Connectivity and Tropical Hummingbird Movement


  • Noelia L. Volpe,

  • Adam S. Hadley,

  • W. Douglas Robinson,

  • Matthew G. Betts

Translocation experiments, in which researchers displace animals, then monitor their movements to return home, are commonly used as tools to assess functional connectivity of fragmented landscapes. Yet we lack tests of whether movement behavior of translocated birds reflects natural behavior of unmanipulated birds. We compared the routine movement behavior of a tropical hummingbird (Phaethornis guy) to that of experimentally translocated individuals. Behaviors documented during translocation experiments reflected those observed during routine movements. Both translocated and non-translocated birds showed similar levels of preference for mature tropical forest and avoided movement across non-forested matrix and selected streams as movement corridors. Restricted movement of P. guy in fragmented landscapes may explain depressed plant reproduction in small, isolated fragments.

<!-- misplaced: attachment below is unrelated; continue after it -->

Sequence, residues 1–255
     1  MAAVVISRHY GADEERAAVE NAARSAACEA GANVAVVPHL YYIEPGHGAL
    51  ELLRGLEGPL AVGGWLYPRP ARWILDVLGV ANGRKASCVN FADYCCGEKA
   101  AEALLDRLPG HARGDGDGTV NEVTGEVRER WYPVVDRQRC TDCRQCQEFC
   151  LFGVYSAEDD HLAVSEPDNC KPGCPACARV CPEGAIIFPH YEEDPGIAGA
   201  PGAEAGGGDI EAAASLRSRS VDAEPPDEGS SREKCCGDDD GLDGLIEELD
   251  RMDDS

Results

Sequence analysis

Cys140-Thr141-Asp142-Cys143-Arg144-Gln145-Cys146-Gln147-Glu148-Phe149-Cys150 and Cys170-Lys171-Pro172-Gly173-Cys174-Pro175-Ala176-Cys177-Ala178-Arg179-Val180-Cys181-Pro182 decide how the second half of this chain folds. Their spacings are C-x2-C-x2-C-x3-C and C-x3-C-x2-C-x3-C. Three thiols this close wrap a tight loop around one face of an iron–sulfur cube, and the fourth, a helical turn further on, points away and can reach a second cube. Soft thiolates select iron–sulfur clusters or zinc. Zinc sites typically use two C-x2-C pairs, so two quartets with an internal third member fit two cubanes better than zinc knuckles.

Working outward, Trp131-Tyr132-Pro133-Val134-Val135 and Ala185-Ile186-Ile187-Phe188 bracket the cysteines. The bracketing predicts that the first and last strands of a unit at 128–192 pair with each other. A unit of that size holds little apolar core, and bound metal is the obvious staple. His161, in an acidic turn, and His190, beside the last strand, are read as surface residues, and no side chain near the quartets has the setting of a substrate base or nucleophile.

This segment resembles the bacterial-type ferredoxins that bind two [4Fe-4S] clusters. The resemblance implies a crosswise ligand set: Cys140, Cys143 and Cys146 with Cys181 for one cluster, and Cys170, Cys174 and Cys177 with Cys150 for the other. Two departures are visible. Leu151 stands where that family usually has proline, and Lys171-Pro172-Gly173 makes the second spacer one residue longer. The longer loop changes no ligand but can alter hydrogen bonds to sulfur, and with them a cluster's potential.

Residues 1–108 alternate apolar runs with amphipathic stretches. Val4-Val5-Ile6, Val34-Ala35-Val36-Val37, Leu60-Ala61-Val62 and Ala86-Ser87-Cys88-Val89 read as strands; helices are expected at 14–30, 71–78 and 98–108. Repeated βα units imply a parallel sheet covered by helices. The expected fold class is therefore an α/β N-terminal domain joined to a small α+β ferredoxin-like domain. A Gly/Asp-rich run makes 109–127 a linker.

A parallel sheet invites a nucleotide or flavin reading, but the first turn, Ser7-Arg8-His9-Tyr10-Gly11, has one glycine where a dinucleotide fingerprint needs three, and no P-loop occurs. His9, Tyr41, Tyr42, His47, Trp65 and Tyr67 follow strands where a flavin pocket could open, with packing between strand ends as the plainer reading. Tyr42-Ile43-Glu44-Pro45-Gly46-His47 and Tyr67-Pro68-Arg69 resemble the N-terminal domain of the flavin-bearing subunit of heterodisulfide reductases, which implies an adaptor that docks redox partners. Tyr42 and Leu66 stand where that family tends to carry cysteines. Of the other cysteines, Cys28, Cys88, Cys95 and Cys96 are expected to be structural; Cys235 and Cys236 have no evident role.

Figure Photo 1.

Adult Green Hermit Hummingbird (Phaethornis guy) with radio-transmitter attached to its back. We fed sugar-water to captured individuals to ensure recovery from the capture process. Nail polish applied to hummingbird foreheads aided in the identification of individuals. The attachment of the transmitter did not appear to affect the behavior of tagged individuals; we observed radio-tagged birds conducting normal behavior during foraging movements and breeding, including nesting. Photos by Noelia L. Volpe (top) and Matthew G. Betts (bottom).

Figure Photo 2.

Green Hermit feeding from a Heliconia tortuosa flower. This plant species is the main food source of P. guy and has been found to be sensitive to fragmentation. In our previous work (Hadley et al. 2014, Ecology) we observed reduced reproductive success of this plant species in small forest fragments. Changes in movement patterns by pollinators such as the Green Hermit might account for the observed effects. Photo by Matthew G. Betts.

Figure Photo 3.

Study area around the Las Cruces Biological Station. Agricultural development has led to a landscape consisting of forest fragments surrounded by an agricultural matrix of crops and cattle pastures. Green Hermits avoided non-forest matrix and selected riparian corridors while moving through the landscape. Photo by Noelia L. Volpe.

These photographs illustrate the article “Functional connectivity experiments reflect routine movement behavior of a tropical hummingbird species” by Noelia L. Volpe, Adam S. Hadley, W. Douglas Robinson, and Matthew G. Betts, scheduled to appear in Ecological Applications 24:2122–2131, December 2014.